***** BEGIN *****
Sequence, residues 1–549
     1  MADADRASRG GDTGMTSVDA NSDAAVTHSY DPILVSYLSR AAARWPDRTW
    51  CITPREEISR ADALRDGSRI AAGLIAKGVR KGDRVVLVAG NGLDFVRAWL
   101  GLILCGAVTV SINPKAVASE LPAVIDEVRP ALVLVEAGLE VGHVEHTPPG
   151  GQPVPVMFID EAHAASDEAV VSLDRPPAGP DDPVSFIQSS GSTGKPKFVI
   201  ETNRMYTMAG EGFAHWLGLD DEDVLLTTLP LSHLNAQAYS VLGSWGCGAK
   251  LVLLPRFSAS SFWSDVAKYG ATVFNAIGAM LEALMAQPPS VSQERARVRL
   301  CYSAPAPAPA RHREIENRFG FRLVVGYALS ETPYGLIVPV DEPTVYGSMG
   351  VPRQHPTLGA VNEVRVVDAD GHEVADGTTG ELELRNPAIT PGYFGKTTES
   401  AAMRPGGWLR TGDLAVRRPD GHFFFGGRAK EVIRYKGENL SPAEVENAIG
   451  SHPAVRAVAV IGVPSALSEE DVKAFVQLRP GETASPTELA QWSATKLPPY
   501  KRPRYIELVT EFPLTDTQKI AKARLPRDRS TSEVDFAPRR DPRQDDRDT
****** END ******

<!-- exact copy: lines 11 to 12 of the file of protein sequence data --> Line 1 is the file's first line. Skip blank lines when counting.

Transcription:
   451  SHPAVRAVAV IGVPSALSEE DVKAFVQLRP GETASPTELA QWSATKLPPY
   501  KRPRYIELVT EFPLTDTQKI AKARLPRDRS TSEVDFAPRR DPRQDDRDT